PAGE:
I get to the Comcast store to drop off my equipment.  It’s 20 minutes before closing time, and the store has no customers.  In one hand I’m carrying a bag with 2 cable modems, 2 analog adaptors, and 3 remotes.  In the other, an HD digital box.  I’m greeted by an employee and he asks me my name.  At this point, you think he would offer to take the digital box off my hands.  I give him my name, and he puts it in the computer and tells me to someone will be with me shortly.  I wait 2 minutes for my name to be transmitted to the help desk, and the two very friendly people behind the counter begin to help me.  They’ve done so much right with the layout store and the concept of taking your name down, but they forgot the small stuff.  When you see someone carrying a large number of items, offer to help them.  When they’re the only customer in the store, don’t make them wait for their name to get processed in the computer.  Go ahead and take care of them.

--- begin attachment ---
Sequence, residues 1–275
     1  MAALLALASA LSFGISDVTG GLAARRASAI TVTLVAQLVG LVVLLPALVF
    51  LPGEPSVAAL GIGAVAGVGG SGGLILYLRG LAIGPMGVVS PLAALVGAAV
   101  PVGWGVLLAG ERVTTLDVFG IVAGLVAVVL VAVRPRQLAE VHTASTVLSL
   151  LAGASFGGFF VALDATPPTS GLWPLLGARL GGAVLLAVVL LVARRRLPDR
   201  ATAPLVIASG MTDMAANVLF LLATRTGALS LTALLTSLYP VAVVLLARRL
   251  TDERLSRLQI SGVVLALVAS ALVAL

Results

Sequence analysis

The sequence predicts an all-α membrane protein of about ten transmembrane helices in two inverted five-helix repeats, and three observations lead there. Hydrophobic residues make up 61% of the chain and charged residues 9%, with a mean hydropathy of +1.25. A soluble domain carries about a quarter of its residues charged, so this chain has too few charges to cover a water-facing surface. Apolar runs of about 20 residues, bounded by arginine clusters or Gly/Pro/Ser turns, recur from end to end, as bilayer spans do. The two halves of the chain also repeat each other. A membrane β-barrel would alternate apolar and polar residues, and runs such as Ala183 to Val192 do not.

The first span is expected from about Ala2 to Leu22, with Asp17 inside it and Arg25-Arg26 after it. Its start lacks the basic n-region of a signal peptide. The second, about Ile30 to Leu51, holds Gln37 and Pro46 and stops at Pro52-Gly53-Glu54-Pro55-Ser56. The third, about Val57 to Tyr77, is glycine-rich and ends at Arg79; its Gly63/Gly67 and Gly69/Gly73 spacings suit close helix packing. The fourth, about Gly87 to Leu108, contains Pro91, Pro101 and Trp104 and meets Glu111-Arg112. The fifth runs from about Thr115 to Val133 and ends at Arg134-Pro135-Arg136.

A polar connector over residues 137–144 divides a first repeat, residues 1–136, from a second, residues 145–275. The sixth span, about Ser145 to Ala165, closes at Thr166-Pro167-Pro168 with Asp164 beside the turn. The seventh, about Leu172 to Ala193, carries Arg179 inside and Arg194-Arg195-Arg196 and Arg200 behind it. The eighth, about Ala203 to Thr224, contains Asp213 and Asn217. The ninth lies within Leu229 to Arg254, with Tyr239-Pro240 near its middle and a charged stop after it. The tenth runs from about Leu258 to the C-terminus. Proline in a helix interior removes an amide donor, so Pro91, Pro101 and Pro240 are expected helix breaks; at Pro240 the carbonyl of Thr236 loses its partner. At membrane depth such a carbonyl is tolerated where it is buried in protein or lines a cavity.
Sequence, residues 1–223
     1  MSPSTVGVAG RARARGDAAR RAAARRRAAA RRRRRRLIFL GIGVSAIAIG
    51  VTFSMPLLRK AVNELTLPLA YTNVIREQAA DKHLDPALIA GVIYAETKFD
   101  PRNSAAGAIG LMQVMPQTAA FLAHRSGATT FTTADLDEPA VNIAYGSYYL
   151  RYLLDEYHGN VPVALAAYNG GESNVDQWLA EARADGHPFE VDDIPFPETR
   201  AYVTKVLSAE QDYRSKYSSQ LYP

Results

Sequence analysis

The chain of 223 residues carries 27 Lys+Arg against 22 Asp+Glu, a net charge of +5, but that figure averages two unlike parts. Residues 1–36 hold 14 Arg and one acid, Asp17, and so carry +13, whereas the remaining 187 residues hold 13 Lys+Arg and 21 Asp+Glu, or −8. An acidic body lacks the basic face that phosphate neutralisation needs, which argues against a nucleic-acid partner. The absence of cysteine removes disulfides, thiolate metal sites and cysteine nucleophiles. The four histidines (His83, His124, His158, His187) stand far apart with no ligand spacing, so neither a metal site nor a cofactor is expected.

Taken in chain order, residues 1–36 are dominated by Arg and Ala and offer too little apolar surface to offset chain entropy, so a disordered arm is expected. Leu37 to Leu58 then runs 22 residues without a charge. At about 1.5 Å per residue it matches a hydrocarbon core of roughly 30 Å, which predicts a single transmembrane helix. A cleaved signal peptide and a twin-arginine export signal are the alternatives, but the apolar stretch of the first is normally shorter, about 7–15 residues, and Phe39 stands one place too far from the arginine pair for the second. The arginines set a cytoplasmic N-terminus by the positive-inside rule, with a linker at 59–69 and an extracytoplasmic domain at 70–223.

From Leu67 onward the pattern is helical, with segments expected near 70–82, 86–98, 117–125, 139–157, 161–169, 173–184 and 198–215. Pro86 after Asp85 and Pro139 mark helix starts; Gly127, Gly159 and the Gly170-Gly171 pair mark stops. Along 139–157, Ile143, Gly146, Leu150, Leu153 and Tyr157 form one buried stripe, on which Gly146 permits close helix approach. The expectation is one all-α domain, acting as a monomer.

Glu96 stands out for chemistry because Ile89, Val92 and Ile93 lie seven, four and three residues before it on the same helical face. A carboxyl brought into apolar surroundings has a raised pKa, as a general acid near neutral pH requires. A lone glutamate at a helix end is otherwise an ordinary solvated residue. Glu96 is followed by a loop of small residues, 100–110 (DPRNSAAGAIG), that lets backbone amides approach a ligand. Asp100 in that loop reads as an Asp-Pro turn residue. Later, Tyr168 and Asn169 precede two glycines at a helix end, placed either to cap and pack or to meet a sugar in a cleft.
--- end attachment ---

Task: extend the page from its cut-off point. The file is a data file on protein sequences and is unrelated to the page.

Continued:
My Advice

The Comcast business model encourages disloyalty.  They told me how great a customer I was, and said if I come back I would be offered the introductory rates.  What incentive is there to remain loyal?  Give customers a competitive rate and they’ll be more likely to stick it out.  (They  probably make a profit off a ton of customers who put up with the rate hikes and maybe I’m in the minority.  I would hope more people catch onto this.)

Fix the speed.  It got to a point where it was too unbearable to do anything at night.  Update the user interface.  Modernize the Guide and On Demand.  Bring back Picture-in-Picture.

A less important point, but I’d recommend increasing business hours from 7:00pm to 9:00pm EST.  The current time makes it difficult for people on the east coast.

I can’t imagine that the lack of features for Comcast has to do with bandwidth. Cable is supposed to be capable of very high speeds. Why do they have fewer features? Why does it appear so dated in comparison?

I’d say more, but I’m going to go record 4 shows at once while I play a game online.